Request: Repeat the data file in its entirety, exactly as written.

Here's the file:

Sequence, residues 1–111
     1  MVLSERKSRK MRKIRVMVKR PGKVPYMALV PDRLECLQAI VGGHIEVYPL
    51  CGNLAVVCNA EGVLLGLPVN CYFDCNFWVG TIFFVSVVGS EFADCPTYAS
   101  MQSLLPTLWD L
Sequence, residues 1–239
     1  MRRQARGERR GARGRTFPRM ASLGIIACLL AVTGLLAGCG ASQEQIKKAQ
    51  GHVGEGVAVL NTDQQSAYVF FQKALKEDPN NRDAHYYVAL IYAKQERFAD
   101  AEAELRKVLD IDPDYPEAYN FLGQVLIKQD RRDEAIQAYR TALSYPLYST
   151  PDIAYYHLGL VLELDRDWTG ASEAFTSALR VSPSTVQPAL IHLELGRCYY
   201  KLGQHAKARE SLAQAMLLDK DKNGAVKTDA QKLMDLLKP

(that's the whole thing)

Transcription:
Sequence, residues 1–111
     1  MVLSERKSRK MRKIRVMVKR PGKVPYMALV PDRLECLQAI VGGHIEVYPL
    51  CGNLAVVCNA EGVLLGLPVN CYFDCNFWVG TIFFVSVVGS EFADCPTYAS
   101  MQSLLPTLWD L
Sequence, residues 1–239
     1  MRRQARGERR GARGRTFPRM ASLGIIACLL AVTGLLAGCG ASQEQIKKAQ
    51  GHVGEGVAVL NTDQQSAYVF FQKALKEDPN NRDAHYYVAL IYAKQERFAD
   101  AEAELRKVLD IDPDYPEAYN FLGQVLIKQD RRDEAIQAYR TALSYPLYST
   151  PDIAYYHLGL VLELDRDWTG ASEAFTSALR VSPSTVQPAL IHLELGRCYY
   201  KLGQHAKARE SLAQAMLLDK DKNGAVKTDA QKLMDLLKP